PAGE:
If you are an admin - you are taking off other people's shoulders the burden of paperwork and numerous calls, you are the one who knows where everything is - from paperclips and lightbulbs to computer screens and keyboards. If you weren't there, havoc would ensue, and other people's lives would be that much more stressful.

If you are a writer - your books feed people's minds and expand their imaginations. They take readers to other places and times. You are practically a TARDIS dealer - and you don't even need a time lord to do it. And so on. You get the idea. There is a reason you are where you are. You are needed. You are important. What you do is valuable and helpful. Never forget that.

Week 5 - buy something nice and donate it.

This is actually a derivative from a wonderful story by one of the Big Little Change members Gev Sweeney. At Christmas time a couple of years ago, she bought an enormous stuffed animal, marched by the line of parents buying gazillion toys for their kids, and donated the stuffed penguin to the Marines collecting toys and donations for the annual Toys for Tots effort.

We should do this sort of thing more often - not just during the holidays. When you have the means, the next time you are shopping, buy something brand new, then drive to whatever is your preferred donation organization and give it away. It's like giving a present to a friend you haven't met yet. It's awesome.

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Member contributions

My sister-in-law had to drop me early at 6:30am before she went to work. It was a 2 hour drive from delaware. My flight was at 11:30am. No problem. Then they cancelled my flight so while in line waiting to get on another flight I met bill. He was so nice and we talked for the hour and a half it took to change our flights. He told me about his family and how his daughter had just gotten married in Vegas and they had a wonderful time and then he went on to tell me how he had PTSD from watching a coworker being crushed in a machine at work. In this back and forth conversation I explained how my daughter and son both had PTSD and why. It was such a compassionate talk. Then I met another young women with Parkinson's disease she told me she had her PHD in eastern religion and we proceeded to discuss my buddhist practice. She said I had really inspired her when we talked about my children. Then I met another very nice young women when I was out smoking. I was complaining about being in the airport for 12 hours. She had just come from Asia and had spent Sunday (16hours) trying to get a flight to the U.S. It made me appreciate only waiting 12 hours. But my favorite person I met was Stephany. She has CP and is 35 or 37 years old and we had the best conversation about how it was when she was growing up. We talked about Alli and she gave me a completely new perspective on my beautiful girl. All in all it was a long but amazing day. When your stuck at the airport try to connect with people they are wonderful and can really put your life in to perspective. I'm very blessed.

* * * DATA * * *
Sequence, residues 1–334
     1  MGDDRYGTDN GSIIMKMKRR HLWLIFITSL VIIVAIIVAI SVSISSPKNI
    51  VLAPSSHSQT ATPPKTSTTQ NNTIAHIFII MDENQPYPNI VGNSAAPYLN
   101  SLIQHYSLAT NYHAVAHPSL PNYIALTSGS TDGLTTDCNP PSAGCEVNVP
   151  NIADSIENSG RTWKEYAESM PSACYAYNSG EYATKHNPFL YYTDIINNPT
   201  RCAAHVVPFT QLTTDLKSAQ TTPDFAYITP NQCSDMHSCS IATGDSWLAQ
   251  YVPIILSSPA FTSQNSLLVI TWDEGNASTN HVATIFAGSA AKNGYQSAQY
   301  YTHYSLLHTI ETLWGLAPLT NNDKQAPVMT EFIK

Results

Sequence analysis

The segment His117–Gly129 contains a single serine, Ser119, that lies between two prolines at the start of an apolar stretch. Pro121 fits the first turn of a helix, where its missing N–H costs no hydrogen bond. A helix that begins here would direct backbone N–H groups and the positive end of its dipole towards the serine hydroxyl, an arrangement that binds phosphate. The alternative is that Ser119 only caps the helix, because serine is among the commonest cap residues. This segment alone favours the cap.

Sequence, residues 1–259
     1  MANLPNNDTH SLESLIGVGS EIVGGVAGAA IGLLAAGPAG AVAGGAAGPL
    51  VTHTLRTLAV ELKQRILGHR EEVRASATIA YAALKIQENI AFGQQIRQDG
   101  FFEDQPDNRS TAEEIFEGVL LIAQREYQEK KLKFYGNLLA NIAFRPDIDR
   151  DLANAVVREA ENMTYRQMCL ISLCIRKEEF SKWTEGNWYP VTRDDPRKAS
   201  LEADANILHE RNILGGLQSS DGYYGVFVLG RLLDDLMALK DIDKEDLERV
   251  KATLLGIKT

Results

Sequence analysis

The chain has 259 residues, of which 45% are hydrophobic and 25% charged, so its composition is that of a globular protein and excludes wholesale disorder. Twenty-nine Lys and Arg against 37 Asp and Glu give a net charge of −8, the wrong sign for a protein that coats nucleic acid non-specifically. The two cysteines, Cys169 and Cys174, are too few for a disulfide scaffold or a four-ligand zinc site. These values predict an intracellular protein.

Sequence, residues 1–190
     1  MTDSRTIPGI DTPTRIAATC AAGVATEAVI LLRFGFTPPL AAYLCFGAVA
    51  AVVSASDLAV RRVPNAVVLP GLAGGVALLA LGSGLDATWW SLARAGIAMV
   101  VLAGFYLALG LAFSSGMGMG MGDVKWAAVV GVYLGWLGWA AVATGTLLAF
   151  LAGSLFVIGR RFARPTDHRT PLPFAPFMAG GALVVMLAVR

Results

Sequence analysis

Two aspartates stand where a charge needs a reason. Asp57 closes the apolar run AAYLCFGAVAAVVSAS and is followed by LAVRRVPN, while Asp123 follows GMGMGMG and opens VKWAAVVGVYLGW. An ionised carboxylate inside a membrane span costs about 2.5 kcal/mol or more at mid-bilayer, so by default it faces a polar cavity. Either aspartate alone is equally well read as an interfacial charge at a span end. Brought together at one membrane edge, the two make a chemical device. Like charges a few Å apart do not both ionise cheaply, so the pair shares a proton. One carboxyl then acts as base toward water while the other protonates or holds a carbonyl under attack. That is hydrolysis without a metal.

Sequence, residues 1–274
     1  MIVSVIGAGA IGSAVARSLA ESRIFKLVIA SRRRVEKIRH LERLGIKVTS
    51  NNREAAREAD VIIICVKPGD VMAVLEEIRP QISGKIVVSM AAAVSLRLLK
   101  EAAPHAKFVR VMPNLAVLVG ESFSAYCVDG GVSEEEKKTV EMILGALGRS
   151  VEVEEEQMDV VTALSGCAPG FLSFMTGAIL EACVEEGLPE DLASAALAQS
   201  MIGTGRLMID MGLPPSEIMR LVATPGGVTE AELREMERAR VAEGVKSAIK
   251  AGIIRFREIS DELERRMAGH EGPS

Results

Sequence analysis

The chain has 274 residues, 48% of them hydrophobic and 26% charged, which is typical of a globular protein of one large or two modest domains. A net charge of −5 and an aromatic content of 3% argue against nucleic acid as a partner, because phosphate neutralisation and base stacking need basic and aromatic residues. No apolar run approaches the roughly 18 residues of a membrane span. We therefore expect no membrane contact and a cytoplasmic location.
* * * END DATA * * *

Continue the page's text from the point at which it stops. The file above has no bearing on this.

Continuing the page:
I was the recipient of a random act of kindness yesterday. I used to work in a different building. I was in the same building as the electronics lab and so got to be friends with all of the guys down there. I rarely see them now that I'm in another building. We had freezing rain yesterday and they was a light coating of ice on my car windows. One of the lab techs saw me out there starting to scrape the ice off and came over to help me. Although I have the proper tools and am fully capable of doing that, Dave just jumped in and scraped my back window. I thanked him and gave him a hug. It was appreciated.

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Public service announcements

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LA uses city land to offer free veggie gardening.

A 10-year old enterpreneur starts a line of soft drinks that uses honey instead of corn syrup.

Businesses set out to fight the anti-LGBT legislation.

School basketball team stands up to a bully to defend a cheerleader with Down syndrome

Environmental innovations:

- Smog-fighting building

- Solar chargers

- Solar panels

Neighbors buy vacant buildings to support local businesses.